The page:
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The Arameans Flee

3 Now there were four leprous men outside the city gate, who said to one another, “Why should we sit here until we die? 4If we say, ‘Let us enter the city,’ the famine is in the city, and we shall die there; but if we sit here, we shall also die. Therefore, let us desert to the Aramean camp; if they spare our lives, we shall live; and if they kill us, we shall but die.” 5So they arose at twilight to go to the Aramean camp; but when they came to the edge of the Aramean camp, there was no one there at all. 6For the Lord had caused the Aramean army to hear the sound of chariots, and of horses, the sound of a great army, so that they said to one another, “The king of Israel has hired the kings of the Hittites and the kings of Egypt to fight against us.” 7So they fled away in the twilight and abandoned their tents, their horses, and their donkeys leaving the camp just as it was, and fled for their lives. 8When these leprous men had come to the edge of the camp, they went into a tent, ate and drank, carried off silver, gold, and clothing, and went and hid them. Then they came back, entered another tent, carried off things from it, and went and hid them.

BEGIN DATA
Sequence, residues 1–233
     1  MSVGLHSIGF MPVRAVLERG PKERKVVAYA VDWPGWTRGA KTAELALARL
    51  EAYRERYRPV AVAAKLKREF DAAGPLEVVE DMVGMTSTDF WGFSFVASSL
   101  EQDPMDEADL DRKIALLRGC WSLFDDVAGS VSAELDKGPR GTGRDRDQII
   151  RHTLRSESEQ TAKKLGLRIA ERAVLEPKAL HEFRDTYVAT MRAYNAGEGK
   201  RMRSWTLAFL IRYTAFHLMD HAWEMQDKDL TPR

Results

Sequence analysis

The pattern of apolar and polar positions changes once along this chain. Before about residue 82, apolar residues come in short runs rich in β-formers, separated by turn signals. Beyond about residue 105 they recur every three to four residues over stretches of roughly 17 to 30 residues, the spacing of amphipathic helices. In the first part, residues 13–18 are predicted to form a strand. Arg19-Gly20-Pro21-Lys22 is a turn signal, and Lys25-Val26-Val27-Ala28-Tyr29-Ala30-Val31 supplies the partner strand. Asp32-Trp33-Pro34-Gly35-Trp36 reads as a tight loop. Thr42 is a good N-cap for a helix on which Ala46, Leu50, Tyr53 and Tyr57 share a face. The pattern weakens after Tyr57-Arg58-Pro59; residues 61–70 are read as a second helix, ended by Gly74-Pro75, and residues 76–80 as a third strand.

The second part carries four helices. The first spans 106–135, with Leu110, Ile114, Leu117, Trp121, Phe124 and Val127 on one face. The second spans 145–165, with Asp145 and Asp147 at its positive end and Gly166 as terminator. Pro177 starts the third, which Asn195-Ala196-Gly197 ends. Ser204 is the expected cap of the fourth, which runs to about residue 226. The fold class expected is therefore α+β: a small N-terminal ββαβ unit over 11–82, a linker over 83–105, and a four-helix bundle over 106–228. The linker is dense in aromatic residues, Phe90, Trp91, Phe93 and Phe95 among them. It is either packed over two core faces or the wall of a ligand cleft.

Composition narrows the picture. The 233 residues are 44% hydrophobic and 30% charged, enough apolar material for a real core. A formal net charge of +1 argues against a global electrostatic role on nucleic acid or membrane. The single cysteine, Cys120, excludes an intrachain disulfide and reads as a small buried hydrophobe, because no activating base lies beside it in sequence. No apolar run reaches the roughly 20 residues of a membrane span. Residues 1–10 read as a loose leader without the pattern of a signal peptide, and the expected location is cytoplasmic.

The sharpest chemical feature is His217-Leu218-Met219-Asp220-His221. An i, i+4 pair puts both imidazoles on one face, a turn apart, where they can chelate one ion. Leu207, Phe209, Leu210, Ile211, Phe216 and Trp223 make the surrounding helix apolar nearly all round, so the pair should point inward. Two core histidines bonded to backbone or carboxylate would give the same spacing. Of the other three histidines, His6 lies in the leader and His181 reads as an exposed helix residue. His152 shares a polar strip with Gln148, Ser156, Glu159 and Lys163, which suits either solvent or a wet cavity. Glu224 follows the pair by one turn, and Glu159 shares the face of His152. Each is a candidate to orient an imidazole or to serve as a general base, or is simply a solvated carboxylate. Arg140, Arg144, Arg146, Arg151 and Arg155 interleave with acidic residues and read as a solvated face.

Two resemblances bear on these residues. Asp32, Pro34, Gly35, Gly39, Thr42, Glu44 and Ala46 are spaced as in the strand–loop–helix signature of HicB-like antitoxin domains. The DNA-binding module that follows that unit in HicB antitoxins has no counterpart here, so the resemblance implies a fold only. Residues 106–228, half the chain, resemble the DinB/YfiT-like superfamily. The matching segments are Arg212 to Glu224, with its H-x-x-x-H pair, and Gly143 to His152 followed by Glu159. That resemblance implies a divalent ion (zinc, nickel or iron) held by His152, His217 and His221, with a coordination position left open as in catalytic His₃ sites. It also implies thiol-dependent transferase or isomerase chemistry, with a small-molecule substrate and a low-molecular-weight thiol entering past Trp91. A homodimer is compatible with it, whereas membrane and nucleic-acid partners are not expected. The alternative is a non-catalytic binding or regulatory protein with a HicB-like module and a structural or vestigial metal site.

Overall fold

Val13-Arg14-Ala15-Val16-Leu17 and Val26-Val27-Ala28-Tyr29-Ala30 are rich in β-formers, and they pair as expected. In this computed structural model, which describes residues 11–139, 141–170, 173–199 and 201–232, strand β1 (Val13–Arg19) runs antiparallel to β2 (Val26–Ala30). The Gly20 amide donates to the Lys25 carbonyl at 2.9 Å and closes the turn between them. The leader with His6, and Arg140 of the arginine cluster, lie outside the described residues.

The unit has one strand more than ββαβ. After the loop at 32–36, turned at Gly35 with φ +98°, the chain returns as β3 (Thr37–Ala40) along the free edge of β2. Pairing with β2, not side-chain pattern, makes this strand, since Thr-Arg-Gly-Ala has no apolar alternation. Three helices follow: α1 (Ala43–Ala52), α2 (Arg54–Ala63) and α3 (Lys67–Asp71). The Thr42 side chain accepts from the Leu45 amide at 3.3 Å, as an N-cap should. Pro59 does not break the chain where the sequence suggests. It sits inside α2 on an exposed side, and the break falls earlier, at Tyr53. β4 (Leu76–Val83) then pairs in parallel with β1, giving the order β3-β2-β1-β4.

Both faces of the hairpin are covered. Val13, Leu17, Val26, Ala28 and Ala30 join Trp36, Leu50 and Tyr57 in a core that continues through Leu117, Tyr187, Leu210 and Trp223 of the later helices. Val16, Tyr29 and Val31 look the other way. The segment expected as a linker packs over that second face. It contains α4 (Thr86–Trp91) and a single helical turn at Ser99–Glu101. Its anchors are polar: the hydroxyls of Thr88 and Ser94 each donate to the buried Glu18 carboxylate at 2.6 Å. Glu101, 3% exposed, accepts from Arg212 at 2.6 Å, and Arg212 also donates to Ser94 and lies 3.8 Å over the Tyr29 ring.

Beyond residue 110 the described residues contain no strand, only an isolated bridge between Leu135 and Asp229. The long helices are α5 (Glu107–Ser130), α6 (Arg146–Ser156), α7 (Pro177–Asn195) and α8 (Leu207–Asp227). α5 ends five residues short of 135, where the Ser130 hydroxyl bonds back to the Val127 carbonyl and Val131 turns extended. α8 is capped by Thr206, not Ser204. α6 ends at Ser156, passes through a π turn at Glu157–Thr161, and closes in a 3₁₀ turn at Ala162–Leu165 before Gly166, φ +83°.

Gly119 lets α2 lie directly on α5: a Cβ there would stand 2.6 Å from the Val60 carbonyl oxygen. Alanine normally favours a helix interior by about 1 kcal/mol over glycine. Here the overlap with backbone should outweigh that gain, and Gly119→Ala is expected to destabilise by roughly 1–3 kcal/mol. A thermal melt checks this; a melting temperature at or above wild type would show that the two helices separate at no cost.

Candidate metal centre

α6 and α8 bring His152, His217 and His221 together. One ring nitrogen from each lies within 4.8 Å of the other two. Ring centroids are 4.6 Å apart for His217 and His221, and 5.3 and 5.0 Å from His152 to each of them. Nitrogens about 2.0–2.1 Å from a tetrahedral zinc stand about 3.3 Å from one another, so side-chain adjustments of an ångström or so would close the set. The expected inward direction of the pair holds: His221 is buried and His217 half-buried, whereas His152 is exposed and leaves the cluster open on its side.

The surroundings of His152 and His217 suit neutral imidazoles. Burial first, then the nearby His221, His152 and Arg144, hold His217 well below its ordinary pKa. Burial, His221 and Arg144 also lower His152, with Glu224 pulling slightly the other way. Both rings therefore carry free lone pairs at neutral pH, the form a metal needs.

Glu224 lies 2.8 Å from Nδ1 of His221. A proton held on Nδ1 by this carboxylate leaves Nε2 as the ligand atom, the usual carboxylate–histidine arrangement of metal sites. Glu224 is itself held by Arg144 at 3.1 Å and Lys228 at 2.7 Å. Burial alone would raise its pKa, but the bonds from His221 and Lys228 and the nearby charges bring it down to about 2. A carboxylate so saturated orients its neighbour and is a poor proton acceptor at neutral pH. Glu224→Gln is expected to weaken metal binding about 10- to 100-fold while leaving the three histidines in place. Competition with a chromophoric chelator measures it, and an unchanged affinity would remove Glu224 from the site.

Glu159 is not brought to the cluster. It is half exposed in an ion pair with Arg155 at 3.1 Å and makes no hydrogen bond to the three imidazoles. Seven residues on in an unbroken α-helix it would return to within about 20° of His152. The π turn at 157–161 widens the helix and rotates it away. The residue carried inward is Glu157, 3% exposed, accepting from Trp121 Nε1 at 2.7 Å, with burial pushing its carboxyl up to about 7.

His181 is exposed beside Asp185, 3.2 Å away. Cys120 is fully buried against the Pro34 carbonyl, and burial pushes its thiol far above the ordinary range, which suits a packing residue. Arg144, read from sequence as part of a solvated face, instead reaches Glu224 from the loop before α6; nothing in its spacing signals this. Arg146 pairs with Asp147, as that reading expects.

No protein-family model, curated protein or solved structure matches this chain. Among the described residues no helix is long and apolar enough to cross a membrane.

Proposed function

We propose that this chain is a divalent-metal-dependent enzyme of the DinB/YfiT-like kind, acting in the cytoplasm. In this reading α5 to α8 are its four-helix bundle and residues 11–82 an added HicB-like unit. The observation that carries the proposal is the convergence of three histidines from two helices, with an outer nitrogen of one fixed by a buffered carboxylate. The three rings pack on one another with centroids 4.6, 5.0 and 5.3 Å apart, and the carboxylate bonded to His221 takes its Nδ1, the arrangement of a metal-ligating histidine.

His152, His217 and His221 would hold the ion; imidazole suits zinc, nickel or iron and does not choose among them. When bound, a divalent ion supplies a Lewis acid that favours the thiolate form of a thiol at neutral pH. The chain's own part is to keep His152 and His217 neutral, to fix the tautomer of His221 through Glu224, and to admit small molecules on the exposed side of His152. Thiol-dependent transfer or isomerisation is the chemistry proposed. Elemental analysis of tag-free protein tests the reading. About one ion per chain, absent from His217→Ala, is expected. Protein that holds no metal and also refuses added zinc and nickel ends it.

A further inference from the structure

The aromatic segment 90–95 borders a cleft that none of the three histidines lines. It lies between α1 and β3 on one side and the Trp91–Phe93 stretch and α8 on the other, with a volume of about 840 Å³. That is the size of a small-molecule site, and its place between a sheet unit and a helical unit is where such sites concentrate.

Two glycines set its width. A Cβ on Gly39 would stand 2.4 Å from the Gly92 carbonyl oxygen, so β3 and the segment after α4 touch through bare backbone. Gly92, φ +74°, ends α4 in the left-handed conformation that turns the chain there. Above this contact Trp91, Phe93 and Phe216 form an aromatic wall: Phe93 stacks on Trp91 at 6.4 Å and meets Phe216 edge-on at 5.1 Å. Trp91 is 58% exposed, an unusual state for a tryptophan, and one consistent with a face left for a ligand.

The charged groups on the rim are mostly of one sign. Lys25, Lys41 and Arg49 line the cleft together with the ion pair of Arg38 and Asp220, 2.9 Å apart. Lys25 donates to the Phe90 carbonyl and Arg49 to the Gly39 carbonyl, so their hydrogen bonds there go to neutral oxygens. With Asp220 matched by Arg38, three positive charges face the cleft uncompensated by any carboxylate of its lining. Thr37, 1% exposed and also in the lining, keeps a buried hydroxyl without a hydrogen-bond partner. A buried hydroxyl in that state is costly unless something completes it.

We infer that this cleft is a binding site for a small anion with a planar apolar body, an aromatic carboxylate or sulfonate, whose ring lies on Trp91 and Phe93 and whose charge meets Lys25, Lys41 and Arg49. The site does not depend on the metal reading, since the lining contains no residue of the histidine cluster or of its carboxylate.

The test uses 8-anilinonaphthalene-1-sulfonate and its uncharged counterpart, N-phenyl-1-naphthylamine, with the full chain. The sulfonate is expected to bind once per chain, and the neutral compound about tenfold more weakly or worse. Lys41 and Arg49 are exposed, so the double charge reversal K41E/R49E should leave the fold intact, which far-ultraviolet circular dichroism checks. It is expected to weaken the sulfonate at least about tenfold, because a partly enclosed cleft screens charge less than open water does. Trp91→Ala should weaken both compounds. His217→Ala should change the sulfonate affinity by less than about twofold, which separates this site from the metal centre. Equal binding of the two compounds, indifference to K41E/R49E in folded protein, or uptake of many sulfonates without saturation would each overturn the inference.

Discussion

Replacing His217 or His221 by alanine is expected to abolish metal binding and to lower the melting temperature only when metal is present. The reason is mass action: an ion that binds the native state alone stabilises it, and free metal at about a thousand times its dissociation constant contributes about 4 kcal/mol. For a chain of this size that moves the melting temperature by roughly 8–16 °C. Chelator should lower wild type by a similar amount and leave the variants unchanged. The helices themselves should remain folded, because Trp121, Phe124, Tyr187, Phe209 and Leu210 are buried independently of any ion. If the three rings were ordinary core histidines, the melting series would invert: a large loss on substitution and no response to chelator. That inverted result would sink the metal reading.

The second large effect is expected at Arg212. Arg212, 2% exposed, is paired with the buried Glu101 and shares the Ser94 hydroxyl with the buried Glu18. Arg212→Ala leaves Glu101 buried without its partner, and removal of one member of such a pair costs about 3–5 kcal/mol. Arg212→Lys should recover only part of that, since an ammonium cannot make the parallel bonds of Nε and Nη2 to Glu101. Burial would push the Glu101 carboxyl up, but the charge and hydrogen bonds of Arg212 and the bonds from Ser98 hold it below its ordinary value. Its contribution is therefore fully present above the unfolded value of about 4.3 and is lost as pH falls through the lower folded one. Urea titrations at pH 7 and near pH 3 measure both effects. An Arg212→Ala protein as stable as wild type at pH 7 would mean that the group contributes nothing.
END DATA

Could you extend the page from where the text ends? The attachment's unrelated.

9 Then they said to one another, “What we are doing is wrong. This is a day of good news; if we are silent and wait until the morning light, we will be found guilty; therefore let us go and tell the king’s household.”


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3. there were four leprous men—The account of the sudden raising of the siege and the unexpected supply given to the famishing inhabitants of Samaria, is introduced by a narrative of the visit and discovery, by these poor creatures, of the extraordinary flight of the Syrians.

leprous men at the entering in of the gate—living, perhaps, in some lazar house there (Le 13:4-6; Nu 5:3).

5. they rose up in the twilight—that is, the evening twilight (2Ki 7:12).

the uttermost part of the camp of Syria—that is, the extremity nearest the city.

6, 7. the Lord had made the host of the Syrians to hear a noise of chariots—This illusion of the sense of hearing, whereby the besiegers imagined the tramp of two armies from opposite quarters, was a great miracle which God wrought directly for the deliverance of His people.

8-11. these lepers … did eat and drink—After they had appeased their hunger and secreted as many valuables as they could carry, their consciences smote them for concealing the discovery and they hastened to publish it in the city.




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